I did not want to be back in the corporate world, nor to deal with unhappy/unpleasant people stuck in a cubicle all day. I did not want to commute, I wanted to work right here in Tacoma again so that I could spend those wasted commuting hours with my animals and in my garden/farm. I wanted to ride my bike to work.

Most important, I wanted to do something that I loved, not something that I put up with because I thought I needed a certain amount of money/benefits, and I wanted to work with nice, happy people working towards a common goal.

First, an environmental non-profit organization that I have volunteered for over the years contacted me about a part time job they had just gotten a grant for. It was a perfect fit. I am now working with students and interns at Puget Creek Restoration Society helping to conserve and protect one of three salmon bearing streams in the city of Tacoma, and preparing them (the students and interns) for jobs in the environmental science field.

Next, I was made aware of another opportunity to “manage” (I like to refer to it as coordinating) the Tacoma Proctor Farmers’ Market, another part time opportunity doing something that I feel strongly about; promoting sustainability and supporting local farmers, healthy eating and building community.

So here I am, with the best of all worlds. (and full time work to pay the bills)

Educating, protecting/restoring the environment, and promoting sustainability, fresh healthy food and local farms.

I am riding my bike to work (well, OK…. not on days that I have to schlep booth displays around). I’m working here in Tacoma-no nasty commute wasting time I could be spending playing with my dog, working in my garden or creating art.

I am working with great people who love what they do and are passionate about it; and I feel good about what both organizations stand for and what they do.

No, I’m not going to get rich doing this, but since I’m big on living sustainably, am willing to be a bit more frugal. (and if I want extra cash, I’ll just have to pitch more magazine articles and/or do more performances)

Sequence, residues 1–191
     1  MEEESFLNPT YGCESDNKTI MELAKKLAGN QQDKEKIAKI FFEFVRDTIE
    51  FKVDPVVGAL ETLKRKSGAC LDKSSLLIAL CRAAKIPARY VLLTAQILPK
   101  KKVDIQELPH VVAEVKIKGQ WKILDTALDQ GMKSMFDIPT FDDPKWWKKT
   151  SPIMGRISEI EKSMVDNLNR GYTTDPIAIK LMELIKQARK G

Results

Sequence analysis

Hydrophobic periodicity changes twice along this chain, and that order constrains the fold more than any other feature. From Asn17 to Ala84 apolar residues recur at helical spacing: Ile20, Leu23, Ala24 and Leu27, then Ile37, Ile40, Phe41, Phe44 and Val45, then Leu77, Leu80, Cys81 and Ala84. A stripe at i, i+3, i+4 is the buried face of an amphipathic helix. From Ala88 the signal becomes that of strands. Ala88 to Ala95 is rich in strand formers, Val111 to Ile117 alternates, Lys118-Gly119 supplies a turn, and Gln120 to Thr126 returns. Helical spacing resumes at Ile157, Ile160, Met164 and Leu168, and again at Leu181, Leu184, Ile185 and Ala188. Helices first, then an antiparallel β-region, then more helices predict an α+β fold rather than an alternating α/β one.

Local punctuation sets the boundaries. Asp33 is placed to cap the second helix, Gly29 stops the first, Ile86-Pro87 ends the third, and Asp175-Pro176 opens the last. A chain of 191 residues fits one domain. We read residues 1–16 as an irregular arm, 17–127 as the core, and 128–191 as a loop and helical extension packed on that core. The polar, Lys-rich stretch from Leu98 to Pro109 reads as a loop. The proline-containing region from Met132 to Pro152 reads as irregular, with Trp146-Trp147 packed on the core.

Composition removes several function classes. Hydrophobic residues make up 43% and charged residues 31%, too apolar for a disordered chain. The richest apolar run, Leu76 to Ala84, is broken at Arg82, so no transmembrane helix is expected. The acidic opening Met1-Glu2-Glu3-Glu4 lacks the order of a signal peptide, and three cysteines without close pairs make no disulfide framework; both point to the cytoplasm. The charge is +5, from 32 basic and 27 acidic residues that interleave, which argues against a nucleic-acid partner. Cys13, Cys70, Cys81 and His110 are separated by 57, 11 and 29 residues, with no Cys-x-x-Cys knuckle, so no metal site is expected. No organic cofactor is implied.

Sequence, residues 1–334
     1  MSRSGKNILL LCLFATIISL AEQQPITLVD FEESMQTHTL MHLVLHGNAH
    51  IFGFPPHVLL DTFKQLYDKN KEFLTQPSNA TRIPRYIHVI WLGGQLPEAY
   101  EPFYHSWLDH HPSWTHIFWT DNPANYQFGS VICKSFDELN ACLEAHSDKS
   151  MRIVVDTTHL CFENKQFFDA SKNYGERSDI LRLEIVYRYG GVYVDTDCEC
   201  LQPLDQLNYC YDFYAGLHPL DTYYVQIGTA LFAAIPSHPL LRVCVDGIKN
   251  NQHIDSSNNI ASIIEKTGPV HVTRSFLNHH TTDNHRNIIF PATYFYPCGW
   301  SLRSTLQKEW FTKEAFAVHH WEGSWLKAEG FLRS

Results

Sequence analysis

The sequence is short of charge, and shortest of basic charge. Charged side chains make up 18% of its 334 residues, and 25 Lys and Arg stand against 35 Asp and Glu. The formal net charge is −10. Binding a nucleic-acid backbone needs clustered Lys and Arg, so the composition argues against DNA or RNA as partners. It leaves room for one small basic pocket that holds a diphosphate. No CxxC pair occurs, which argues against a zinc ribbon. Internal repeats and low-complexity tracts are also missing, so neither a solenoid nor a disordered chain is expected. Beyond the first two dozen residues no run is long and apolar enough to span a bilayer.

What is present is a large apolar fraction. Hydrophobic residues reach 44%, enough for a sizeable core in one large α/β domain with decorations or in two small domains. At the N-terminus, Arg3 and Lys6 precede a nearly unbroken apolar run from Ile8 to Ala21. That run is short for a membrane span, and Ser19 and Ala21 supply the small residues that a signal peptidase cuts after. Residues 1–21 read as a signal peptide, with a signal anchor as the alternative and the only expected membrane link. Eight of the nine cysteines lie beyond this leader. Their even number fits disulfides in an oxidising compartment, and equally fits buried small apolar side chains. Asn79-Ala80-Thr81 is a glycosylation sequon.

I did not reinvent myself.

I decided to be true to myself.

I came back full circle, and couldn’t be happier.

I want to thank those who kept their eyes and ears open for opportunities, those who provided references for me, and most of all, those who supported me and held me up when I doubted myself.


One More Step Towards Regaining My Perfect Health-Home Made Almond Milk

I’m so lucky that after surgery on my uterus, ovaries and fallopian tubes that no cancer was found.

I don’t want any more surgery and I want to get off the blood pressure medication (my doc thinks that stress from the former job, medical scares, as well as chronic pain from the girly bit surgeries, wisdom tooth extractions, dental, perio and ortho work was the biggest issue)

In addition to getting back on a normal workout schedule (as soon a I’m done recovering from surgery; right now, the best I can do is walking 3-4 miles a day) I am making an effort to make as many healthy (non-fanatical) dietary changes as I can that will assist with discouraging the growth of fibroid tumors and endmetriosis and get me off of the blood pressure medication.

As soon as the blood pressure issue reared its ugly head (after having a perfect blood pressure up until very recently) I immediately went off my hormonal birth control and caffeine. (yeah, cold turkey, both at once) and stopped rinsing my mouth that was being torn up by the new braces with salt water.

I also got serious about getting back to my normally very healthy eating habits which went to heck over the holidays (I was a naughty monkey); rarely eating out, no processed foods (I even make my own chicken stock) whole grains (always brown rice, and more often than not, I make my own whole wheat pasta) eating organic eggs from my backyard hens, growing my own fruit and veggies in season, being very careful about sodium (I don’t generally salt my food or add much in cooking, but I’m being aware) and of course, I can always do better about eating more fresh fruits and vegetables. I’ve read a lot (from credible sources) about the health benefits of black strap molasses, so I’ve started using a tablespoon a day in my morning lattes (healthier than vanilla and caramel syrups right?)